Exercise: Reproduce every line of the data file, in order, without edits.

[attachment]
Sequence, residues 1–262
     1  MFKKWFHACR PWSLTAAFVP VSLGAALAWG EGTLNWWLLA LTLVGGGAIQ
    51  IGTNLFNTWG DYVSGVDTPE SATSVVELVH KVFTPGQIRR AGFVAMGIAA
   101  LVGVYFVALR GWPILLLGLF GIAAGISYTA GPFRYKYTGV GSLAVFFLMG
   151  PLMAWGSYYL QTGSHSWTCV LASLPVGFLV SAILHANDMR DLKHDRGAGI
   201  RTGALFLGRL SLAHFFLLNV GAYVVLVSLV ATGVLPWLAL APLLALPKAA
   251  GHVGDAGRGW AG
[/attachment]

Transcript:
Sequence, residues 1–262
     1  MFKKWFHACR PWSLTAAFVP VSLGAALAWG EGTLNWWLLA LTLVGGGAIQ
    51  IGTNLFNTWG DYVSGVDTPE SATSVVELVH KVFTPGQIRR AGFVAMGIAA
   101  LVGVYFVALR GWPILLLGLF GIAAGISYTA GPFRYKYTGV GSLAVFFLMG
   151  PLMAWGSYYL QTGSHSWTCV LASLPVGFLV SAILHANDMR DLKHDRGAGI
   201  RTGALFLGRL SLAHFFLLNV GAYVVLVSLV ATGVLPWLAL APLLALPKAA
   251  GHVGDAGRGW AG